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Community / Pandemic puts first phase of church closures on hold

Bigton kirk.

THE CHURCH of Scotland is looking to sell its kirks earmarked for closure in stages over the next three years – but the coronavirus pandemic has put the first phase on hold.

The Church of Scotland is also keeping open the possibility of community purchase “where there is interest in doing so”.

In 2018 the Church of Scotland announced it would close and sell 20 of its buildings in Shetland, which amounts to around two thirds of its estate in the isles.

It was in response to a growing national deficit and reducing congregation numbers.

Transition minister for Shetland Rev Dr Fran Henderson confirmed that 19 churches are still to be closed and sold.

She said churches in North Roe, Uyeasound and Nesting had already been closed by their congregations prior to 2018’s announcement, while Bressay Church has also been shut and is currently under offer.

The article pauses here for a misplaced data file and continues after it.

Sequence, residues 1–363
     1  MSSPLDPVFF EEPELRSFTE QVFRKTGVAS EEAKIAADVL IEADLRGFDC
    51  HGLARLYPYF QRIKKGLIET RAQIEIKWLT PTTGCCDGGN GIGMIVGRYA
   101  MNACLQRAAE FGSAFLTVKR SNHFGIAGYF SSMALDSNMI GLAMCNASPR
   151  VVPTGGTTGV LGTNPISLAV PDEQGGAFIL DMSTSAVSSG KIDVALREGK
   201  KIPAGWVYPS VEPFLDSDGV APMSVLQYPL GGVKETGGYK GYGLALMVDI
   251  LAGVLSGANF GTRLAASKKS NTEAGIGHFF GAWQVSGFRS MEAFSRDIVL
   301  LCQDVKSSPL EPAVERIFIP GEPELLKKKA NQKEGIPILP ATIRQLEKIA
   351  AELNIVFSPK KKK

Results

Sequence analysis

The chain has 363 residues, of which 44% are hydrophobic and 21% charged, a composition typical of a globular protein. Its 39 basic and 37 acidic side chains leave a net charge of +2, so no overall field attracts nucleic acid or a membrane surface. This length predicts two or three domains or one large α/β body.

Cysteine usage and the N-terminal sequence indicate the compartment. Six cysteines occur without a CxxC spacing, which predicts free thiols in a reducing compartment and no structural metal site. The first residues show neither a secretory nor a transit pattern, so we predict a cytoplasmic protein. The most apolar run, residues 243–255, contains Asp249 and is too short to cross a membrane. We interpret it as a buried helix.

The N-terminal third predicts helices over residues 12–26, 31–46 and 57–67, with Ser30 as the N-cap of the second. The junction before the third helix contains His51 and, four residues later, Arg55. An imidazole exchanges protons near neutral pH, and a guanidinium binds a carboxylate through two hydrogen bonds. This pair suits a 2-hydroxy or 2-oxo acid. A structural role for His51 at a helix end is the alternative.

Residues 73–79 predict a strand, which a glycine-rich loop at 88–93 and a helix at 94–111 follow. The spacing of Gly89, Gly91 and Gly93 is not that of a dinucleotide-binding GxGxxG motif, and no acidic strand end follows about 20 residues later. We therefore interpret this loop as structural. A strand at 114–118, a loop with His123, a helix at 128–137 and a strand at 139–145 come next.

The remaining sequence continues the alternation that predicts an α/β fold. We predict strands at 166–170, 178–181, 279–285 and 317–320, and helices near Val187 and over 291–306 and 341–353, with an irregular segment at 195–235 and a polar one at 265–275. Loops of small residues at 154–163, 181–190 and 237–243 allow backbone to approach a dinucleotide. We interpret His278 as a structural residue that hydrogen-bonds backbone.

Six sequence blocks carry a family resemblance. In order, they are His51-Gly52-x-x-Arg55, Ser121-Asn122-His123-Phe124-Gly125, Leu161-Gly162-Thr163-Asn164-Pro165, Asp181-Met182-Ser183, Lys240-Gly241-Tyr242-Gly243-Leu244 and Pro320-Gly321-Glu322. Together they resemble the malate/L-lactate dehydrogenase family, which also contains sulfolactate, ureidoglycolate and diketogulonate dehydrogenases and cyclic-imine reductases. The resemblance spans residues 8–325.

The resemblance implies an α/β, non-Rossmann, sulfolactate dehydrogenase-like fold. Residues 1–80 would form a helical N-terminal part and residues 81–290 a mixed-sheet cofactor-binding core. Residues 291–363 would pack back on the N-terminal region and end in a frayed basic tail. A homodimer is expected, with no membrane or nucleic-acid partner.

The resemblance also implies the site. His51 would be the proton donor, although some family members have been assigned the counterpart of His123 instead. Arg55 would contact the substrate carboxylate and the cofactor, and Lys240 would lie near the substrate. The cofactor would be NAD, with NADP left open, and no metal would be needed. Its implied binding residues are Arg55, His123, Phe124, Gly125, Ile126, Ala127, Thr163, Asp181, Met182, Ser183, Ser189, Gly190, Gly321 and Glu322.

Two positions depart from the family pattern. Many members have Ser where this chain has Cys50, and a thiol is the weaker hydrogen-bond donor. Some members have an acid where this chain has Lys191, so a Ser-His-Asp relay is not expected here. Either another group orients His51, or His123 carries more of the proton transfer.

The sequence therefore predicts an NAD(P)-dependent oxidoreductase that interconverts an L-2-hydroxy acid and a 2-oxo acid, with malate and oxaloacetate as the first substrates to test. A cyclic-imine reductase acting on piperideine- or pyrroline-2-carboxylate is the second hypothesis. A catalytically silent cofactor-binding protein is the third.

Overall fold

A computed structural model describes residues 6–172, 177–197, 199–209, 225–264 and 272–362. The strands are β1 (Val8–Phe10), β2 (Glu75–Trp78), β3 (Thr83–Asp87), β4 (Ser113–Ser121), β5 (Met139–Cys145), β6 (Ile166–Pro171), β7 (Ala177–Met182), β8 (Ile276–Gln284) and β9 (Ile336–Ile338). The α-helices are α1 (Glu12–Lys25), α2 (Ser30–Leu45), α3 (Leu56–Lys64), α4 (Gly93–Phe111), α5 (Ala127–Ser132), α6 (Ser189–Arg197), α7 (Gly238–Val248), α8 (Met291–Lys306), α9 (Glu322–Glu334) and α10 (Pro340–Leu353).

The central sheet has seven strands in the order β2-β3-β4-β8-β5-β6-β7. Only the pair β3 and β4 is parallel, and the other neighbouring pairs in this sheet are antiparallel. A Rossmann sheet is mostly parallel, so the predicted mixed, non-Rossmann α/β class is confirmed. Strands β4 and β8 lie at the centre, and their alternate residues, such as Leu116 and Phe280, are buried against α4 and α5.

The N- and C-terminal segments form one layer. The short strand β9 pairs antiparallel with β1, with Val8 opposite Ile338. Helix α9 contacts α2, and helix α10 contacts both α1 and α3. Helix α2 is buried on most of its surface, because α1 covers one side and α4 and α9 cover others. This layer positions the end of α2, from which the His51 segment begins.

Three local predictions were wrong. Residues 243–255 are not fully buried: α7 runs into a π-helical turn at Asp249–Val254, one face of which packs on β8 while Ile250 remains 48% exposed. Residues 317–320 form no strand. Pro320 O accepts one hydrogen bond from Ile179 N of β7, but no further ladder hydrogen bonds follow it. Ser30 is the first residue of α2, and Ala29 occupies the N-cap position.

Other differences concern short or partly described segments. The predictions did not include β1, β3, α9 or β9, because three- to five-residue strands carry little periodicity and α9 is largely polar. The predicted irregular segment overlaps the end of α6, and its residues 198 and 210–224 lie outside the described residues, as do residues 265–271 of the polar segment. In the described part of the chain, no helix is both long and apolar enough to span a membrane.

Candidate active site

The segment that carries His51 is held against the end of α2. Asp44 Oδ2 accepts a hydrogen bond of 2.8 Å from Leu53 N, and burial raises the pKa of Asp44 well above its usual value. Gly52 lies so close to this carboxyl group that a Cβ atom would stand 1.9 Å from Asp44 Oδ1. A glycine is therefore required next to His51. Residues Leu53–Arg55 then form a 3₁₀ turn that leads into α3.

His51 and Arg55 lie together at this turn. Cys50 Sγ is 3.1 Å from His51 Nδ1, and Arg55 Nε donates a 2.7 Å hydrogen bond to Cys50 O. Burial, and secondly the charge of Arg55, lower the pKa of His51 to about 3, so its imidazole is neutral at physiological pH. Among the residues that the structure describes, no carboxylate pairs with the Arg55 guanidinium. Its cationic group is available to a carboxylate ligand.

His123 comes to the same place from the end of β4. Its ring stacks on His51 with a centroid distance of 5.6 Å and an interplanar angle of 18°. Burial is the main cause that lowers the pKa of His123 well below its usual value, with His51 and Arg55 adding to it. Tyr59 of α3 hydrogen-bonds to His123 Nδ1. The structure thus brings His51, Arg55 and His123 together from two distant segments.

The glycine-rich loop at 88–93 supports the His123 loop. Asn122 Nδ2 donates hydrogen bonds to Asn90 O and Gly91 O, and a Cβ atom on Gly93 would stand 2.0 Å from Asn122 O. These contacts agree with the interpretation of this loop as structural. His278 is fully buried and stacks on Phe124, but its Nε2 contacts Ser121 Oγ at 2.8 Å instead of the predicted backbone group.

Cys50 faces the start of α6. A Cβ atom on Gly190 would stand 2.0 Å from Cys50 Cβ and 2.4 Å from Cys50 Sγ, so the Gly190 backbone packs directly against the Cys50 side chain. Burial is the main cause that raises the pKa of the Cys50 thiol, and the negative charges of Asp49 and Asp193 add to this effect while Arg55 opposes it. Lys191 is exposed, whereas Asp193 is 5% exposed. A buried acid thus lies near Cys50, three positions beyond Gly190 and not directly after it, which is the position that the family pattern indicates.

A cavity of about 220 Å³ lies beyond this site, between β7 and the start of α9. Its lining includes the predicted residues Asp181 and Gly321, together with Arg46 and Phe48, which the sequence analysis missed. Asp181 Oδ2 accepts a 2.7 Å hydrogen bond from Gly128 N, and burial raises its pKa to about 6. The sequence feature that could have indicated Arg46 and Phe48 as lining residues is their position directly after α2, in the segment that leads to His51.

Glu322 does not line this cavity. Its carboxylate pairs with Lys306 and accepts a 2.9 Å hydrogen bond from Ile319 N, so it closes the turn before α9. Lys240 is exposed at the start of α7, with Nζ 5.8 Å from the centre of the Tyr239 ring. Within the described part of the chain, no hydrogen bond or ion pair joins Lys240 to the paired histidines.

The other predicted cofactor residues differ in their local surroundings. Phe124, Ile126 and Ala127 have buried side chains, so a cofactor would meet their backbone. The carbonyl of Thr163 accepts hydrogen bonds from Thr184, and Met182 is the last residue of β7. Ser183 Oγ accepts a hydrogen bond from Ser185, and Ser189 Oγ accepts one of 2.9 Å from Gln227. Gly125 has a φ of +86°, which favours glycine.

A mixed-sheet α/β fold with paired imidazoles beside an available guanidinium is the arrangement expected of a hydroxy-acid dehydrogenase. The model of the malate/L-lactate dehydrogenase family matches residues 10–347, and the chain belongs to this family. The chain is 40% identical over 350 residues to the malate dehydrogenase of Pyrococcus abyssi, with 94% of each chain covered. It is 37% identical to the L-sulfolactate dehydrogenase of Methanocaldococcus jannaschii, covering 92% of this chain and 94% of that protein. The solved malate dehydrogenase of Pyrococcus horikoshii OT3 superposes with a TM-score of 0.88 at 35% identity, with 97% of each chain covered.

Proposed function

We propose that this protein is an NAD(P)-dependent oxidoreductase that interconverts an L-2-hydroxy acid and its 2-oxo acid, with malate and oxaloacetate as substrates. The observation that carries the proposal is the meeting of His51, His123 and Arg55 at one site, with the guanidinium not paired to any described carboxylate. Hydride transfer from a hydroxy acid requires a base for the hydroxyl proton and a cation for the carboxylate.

“No other buildings have yet been closed and all of them will continue to be used as Covid-19 allows and properly maintained until they are sold,” Henderson said.

“The intention is to work through the closure and sale of the other 19 buildings in three phases over a three year period, keeping open the possibility of community purchase where there is interest in doing so.

“The first phase includes eight buildings but the Covid-19 lockdown has meant that there has been a delay to this plan.

“We have also had to cancel for the time being a programme of community consultations that we had planned. However, with restrictions beginning to be lifted, the hope is that we will be able to move forward soon.”

Lunna Kirk. Photo: Hans J Marter/Shetland News

Among the churches initially earmarked for closure were Cunningsburgh, Hillswick, Tingwall, Weisdale and Voe.

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A Church of Scotland spokesperson, meanwhile, confirmed to Shetland News in March that the historic Lunna Kirk will also be put up for sale.

“Until such times as the building is formally closed, we will continue to use the church according to its usual patterns of worship,” they said.

The Lunna Kirk is the oldest church still in use in Shetland.

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